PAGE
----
Article by Kendra Gerbrandt
Like many kids, I grew up dreaming of what I wanted to be when I grew up. At times I wanted to be a nurse, sometimes a teacher, other times a milkman just like my dad, and on occasion an architect (because I simply loved looking at house plans). I never once put into my plans that I wanted to be a mom because I just assumed that went without saying. I never felt like I needed to plan that because obviously that would be how my life went.
But that’s not how my life went. I’m now 36, and I have no children.
Most days I don’t live in sadness that my life has played out differently than I thought it would, but there are definitely bumps along the way. Bumps, that if I’m not paying attention, catch me off guard and throw me for a loop.
For example, I remember helping plan my mom’s 30th birthday party, and had grown up simply assuming that my own kids would be there to put on a surprise 30th birthday party for me. Turning 30 was a reminder that I don’t have my own children.
When I moved to Vancouver, I had to downsize significantly. One thing that was not essential in my 450 square foot new home were my childhood toys that I had carefully saved for my future children. I was happy to gift those special toys to my childhood best friend for her daughters to experience the thrill of our precious toys, but it was simultaneously a tearful reminder of the daughters I always assumed I would have, and don’t.
And then there’s Mother’s Day—every year when most of the women in my life have people celebrating them in some sweet or annoying kind of way, I am confronted, again, with the reality that I am still barren. Sam Allbery has described these experiences as, “a sudden unexpected moment of bereavement.”1 When you are cut by the reality of some good you will probably never attain in this earthly life. Despite the fact that bumping into these realities has been painful and grievous at times, I am thankful for this unexpected journey. It has caused me to think deeply and carefully about what the gospel says about motherhood.
Isaiah 54:1 says, “‘Sing, O barren one, who did not bear; Break forth into singing and cry aloud, you who have not been in labour! For the children of the desolate one will be more than the children of her who is married,’ says the Lord.”Isaiah declares that even though a barren woman will not contribute physical children to this world, she has the real and profound joy of contributing spiritual children. She can be involved in bringing children forth, not for life in this world, but for life eternal with God in his world that has no end.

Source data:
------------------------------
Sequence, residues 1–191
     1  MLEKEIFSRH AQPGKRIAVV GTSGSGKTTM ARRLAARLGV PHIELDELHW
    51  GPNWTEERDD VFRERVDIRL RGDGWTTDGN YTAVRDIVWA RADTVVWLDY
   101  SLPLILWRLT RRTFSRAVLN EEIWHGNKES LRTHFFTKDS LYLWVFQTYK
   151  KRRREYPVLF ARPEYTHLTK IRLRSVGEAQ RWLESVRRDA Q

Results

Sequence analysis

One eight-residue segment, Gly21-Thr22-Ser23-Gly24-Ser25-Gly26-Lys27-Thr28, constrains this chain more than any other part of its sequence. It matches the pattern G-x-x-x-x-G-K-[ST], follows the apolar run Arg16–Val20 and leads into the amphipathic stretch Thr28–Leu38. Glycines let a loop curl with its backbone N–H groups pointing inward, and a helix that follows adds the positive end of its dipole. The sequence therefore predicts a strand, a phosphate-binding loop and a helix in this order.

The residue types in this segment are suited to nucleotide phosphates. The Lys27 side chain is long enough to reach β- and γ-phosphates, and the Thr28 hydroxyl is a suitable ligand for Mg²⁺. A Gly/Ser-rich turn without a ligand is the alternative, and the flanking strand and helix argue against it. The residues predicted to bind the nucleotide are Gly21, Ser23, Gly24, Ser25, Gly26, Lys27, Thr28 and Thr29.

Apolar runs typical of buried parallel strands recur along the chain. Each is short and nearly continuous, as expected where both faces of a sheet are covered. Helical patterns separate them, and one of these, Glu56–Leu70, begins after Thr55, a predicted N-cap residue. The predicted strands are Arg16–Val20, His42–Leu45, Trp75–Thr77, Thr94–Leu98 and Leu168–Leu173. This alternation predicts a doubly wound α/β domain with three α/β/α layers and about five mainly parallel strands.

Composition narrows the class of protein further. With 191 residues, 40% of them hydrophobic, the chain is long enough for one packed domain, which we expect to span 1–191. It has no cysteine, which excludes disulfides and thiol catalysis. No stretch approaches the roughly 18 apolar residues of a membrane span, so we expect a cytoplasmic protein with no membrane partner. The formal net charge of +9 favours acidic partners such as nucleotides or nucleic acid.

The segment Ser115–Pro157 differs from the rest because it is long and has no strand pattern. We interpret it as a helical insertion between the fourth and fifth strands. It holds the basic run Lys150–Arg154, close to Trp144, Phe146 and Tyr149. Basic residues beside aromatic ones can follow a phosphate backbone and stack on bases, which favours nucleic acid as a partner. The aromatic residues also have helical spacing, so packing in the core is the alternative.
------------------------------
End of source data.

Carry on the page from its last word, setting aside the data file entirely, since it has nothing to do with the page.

Several years ago, Matthew Lee Anderson tweeted, “Within the community of the church . . . ‘parenthood’ is a vocation open to all, including singles and the infertile. It is an ecclesiastically centered way of cultivating maternal and paternal love in its deepest orientation, namely, toward the kingdom. If this is true, then there are aspects of parenthood that are disclosed to single and infertile people. It is not a realm closed to them.” There is a type of motherhood that is available to every woman in the church, even if we don’t have our own children. The good news of the gospel in this area of my life is that my desire to be a mother does not have to be repressed because I am barren; it needs to be reimagined with gospel clarity.
The blessing of spiritually reproducing those in the faith is available to anyone willing to tell people about God and help them grow in Christ. When I struggled to have a routine of reading my Bible, Leslie had me over to her house one evening a week to help give me that structure. Week by week I saw what her years of devotion to reading God’s word could look like, in verses that rolled off her tongue in the middle of conversations and in the binders and binders full of copied out scriptures. She modeled a vision for how I wanted to grow up into a woman who had devotion to God through knowledge of his Word. Gloria and Annette faithfully led a “behind the scenes” prayer ministry at my church and I am sure they have no idea how much they influenced my understanding of prayer and ability to use the Bible to give shape to my thoughts as I told them to God. Other women have modelled unwavering trust in God despite horrific and tragic life circumstances and this has taught me how to suffer towards Jesus not away from him. Other women who have walked beside me in important life decisions and reminded me of God’s faithfulness in the past and reassured me of his known faithfulness in my unknown future. Pieces of spiritual maturity have been replicated in me from these women, these spiritual mothers.
I don’t have any physical children, but I pray there are women and men who have matured in Jesus because of my influence in their lives. I pray that in my interactions with the people God has given me at Christ City, in my neighbourhood, community group, extended family, and various friendships that these people will grow in trusting God, grow in praying effectively, grow in persisting in the faith, grow in quickness to repent, grow in a desire to encourage others, grow in understanding of God’s word, and grow in abiding in Jesus. While some women in the church might be physically barren, in Christ all women can have the joy of having spiritual offspring. This is a legacy that will last eternally for the praise and glory of God.
So, to all the mothers with offspring of their own that bear their resemblance, and to all the mothers in the faith who labour to train people in godliness that we might all grow to bear the resemblance of our God, Happy Mother’s Day.
1 Sam Allbery, 7 Myths of Singleness, 83.
The views expressed in this article are those of the author and not necessarily held by everyone at Christ City Church.